CORRECTION AND EDUCATION.—All penitentiaries and prisons are provided with Catholic chaplains subsidized by the State, and feast-days of obligation, as well as Sunday, are observed. Reformatories for youth are managed at the public expense by the Brothers of Charity for older boys, by the Sisters of the Good Shepherd for girls, and by the Sisters of Charity for younger children of both sexes, the Government contributing in the last two cases a per capita sum for a limited number of juveniles. The two largest sanitaria in the province are managed, by government contract, by the Sisters of Providence and of Charity, in Montreal and Quebec, respectively. Homes for idiots, enjoying government subsidies, are likewise in the care of religious. According to the latest criminal statistics (1908), the province of Quebec, with a ratio of 13.91 per 10,000 of population, comes fourth in order of excellence, after the three maritime provinces, where there has been no immigration within the last decade; and third for number of convictions according to population, being one for each 96 inhabitants, Prince Edward Island and New Brunswick alone surpassing Quebec.

Schools.—The public-school system in the province of Quebec, without being ideal, is, in a notable measure, respectful of the rights of the family and of the Church. This desirable condition results mainly from the constitution of the Council of Public Instruction, composed, ex officio, of the hierarchy of the province representing the Church, and of an equal number of laymen. The latter are nominated exclusively by the lieutenant governor in council. The council is presided over by a superintendent of public instruction who represents the State; there is no minister of education, and politics are thereby partly excluded from the administration. Several principals of normal schools and lay professors have lately been added to the council. The council has the power to distribute a limited portion of the public moneys for primary and classical schools, to propose certain nominees to normal schools and to the board of examiners for teaching licences, to approve or reject all text-books. But its powers are more advisory than legislative, nearly all its deliberations being subject to government sanction. A committee similarly organized attends to the educational interests of the Protestant minority. The most striking feature of the Quebec school law is the absolute liberty enjoyed by each of the two chief religious denominations of controlling its own schools agreeably to the wishes of parents. In municipalities where they form the majority, Catholics cannot interfere with the rights of Protestants, and vice versa. In this respect, of all the school laws of the dominion, that of Quebec may justly be considered as the fairest and most conducive to religious harmony; never was a majority so liberal towards a minority. The school grants are even proportionally larger to the latter (the Protestant minority) than to the former. It has been rightly proclaimed that nowhere has the separate school law been more generously and conscientiously applied, and that, to the honor of French Catholic Quebec, there has never been any occasion to invoke government interference for the protection of the minority. This fair treatment extends likewise to the language. The French-speaking province of Quebec amply provides for the requirements of the English-speaking minorities, as regards education in their mother tongue. Moreover, a course of English, in many cases quite efficient, is given in every French school of the intermediate and higher grades. It must be noted that there is only one school law for the province, under which all schools, Catholic and Protestant, are organized. To interest the people more deeply in the schools and give greater unity and strength to the system, the legislature has grafted it on the parish organization. Each parish is thus incorporated three times: (I) for church affairs; (2) for municipal affairs; (3) for school affairs. The parish priest is eligible as school commissioner, and has the right to visit the schools with the exclusive choice of textbooks relating to religion. In parishes where there is a Protestant minority, the minority has a right to a dissentient separate school, controlled by special trustees. Lay inspectors, nominated by the governor in council, visit all schools under control of the school commissioners; diocesan clerical inspectors, chosen by the respective bishops, are authorized to visit even schools receiving a partial grant from the Government. Normal or training schools, based on the principle of denominationalism, were definitively created in 1857, two for the Catholics, one in Quebec for both sexes, the Laval, and one in Montreal, the Jacques-Cartier, for male teachers, and one for Protestants, in Montreal, the McGill. Recently, normal schools for women teachers only have been established in Montreal, Three Rivers, Rimouski, Chicoutimi, St. Hyacinth, Hull, Sherbrooke, Valleyfield, Nicolet, and Joliette, under the management of religious communities, and grafted on preexisting educational institutions. In each of the ten Catholic normal schools of the province, the principal is a priest nominated by the Catholic committee. Another late improvement is the establishment of special schools of domestic economy under the management of sisters. (For legislation relating to the Church, see Canada.)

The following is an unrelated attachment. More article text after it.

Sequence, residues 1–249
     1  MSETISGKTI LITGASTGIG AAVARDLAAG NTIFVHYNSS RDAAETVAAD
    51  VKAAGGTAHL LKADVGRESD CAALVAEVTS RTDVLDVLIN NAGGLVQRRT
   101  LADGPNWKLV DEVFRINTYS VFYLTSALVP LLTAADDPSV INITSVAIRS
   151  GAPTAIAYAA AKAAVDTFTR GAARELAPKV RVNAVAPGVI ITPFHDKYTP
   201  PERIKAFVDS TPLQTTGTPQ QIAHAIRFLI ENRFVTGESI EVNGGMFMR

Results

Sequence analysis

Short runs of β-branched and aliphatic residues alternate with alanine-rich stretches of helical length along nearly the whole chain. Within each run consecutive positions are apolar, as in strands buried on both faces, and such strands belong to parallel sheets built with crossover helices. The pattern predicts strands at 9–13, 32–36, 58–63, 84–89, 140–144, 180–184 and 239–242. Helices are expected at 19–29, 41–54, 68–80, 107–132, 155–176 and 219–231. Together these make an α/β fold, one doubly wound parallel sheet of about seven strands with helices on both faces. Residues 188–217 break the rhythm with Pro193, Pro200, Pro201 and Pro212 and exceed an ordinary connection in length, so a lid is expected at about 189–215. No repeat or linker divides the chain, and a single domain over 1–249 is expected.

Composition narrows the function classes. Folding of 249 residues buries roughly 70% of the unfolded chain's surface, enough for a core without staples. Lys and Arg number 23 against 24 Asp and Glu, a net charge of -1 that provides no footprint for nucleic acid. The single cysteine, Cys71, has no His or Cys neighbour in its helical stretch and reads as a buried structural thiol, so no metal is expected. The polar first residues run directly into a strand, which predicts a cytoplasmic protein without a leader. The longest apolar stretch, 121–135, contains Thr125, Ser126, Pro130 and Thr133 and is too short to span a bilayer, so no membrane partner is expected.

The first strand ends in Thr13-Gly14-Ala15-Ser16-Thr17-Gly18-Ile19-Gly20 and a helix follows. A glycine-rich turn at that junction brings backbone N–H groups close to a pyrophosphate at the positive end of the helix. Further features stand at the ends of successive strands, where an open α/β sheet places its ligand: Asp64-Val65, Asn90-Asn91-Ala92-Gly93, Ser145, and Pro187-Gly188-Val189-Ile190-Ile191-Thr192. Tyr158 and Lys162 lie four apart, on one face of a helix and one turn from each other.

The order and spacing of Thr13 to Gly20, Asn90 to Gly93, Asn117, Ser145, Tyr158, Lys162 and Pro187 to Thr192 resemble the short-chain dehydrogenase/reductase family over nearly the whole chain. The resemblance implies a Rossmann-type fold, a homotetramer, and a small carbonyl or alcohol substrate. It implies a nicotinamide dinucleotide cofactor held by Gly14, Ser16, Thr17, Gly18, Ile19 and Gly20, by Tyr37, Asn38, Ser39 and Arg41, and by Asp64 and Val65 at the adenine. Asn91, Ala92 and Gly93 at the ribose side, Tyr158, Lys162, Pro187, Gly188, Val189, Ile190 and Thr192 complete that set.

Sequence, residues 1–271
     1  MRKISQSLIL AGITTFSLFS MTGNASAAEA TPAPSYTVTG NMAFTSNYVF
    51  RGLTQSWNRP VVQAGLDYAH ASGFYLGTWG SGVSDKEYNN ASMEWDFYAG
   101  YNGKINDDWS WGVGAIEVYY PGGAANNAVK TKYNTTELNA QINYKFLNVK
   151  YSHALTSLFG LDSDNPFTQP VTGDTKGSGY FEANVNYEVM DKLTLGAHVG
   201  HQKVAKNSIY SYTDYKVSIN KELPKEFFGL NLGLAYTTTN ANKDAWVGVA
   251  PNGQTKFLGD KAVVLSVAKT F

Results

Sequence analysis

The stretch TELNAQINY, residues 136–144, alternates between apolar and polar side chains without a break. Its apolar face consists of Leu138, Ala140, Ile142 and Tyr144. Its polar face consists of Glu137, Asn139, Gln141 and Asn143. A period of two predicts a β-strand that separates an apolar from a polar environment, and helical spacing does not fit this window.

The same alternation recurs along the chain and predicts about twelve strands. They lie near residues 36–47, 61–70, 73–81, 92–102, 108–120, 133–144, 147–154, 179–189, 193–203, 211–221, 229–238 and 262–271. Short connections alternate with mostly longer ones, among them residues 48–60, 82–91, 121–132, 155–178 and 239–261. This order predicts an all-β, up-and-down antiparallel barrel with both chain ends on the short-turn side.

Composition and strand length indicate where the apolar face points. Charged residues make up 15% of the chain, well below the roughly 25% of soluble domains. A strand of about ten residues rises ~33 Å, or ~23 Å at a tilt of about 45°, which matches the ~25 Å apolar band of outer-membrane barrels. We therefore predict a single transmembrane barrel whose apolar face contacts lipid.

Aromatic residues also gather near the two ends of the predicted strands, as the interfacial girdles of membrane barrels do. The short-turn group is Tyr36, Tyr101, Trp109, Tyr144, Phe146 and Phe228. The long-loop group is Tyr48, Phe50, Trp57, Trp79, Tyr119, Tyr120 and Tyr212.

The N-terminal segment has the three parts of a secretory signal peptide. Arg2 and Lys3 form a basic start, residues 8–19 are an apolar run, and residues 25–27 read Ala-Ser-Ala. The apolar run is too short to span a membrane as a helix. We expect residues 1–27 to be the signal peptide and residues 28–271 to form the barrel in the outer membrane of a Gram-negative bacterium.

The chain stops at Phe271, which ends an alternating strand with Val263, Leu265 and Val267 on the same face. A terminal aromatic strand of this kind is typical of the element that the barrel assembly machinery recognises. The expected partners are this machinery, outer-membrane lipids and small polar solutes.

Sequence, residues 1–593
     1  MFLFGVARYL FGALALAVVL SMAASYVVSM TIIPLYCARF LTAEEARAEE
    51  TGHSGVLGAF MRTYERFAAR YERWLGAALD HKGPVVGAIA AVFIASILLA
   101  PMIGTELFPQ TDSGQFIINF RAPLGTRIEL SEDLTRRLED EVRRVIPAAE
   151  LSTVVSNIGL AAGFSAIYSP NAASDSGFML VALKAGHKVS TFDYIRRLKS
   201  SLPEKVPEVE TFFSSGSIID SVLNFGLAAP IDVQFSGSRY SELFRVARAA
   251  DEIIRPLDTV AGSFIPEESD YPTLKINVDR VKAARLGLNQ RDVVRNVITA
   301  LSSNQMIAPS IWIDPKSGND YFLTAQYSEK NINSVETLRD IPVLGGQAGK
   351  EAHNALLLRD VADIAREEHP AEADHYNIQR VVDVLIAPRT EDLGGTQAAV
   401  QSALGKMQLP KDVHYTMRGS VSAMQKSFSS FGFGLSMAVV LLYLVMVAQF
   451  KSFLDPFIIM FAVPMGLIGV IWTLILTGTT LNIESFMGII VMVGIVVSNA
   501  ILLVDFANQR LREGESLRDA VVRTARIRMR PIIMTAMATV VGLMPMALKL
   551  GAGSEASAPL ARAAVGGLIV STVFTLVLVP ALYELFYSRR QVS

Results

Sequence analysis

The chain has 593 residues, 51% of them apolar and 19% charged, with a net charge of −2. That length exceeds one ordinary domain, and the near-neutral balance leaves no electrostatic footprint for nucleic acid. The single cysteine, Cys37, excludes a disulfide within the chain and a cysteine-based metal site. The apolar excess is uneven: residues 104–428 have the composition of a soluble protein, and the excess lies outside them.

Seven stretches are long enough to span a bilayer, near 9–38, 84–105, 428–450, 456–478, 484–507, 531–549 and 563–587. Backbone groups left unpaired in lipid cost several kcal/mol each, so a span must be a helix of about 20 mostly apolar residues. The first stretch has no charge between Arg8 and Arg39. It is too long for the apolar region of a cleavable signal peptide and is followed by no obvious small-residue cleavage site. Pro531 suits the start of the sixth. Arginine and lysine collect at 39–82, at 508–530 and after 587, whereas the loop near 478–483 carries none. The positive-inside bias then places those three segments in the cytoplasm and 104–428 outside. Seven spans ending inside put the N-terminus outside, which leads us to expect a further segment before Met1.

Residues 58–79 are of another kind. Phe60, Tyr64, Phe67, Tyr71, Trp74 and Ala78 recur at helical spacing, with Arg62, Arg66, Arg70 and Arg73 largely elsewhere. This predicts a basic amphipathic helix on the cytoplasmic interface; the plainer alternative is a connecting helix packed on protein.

The latest report of the superintendent of public education for the school year 1909-10 gives the following general statistics for the province of Quebec: schools, 6760; teachers, 14,000; pupils, 394,945; average attendance, 308,982; average per cent, 78.23. The same report shows an increase above the figures of the year previous of 7552 in the number of pupils. There has also been a considerable increase in the expenditure, due to grants for technical schools, and to the newly organized normal schools. The total government outlay for 1909-10 was $6,210,530, showing an increase above that of 1907-08 of $1,744,993. The contrast between the amount spent and the number of schools, teachers, and pupils, instead of signifying an inferior quality of education, testifies to the economy wrought by the employment of teaching religious orders, 5805 of whose members (out of a total of 14,000 teachers) are employed in the public schools. (For statistics regarding universities, classical colleges, and the several teaching orders, see Canada.)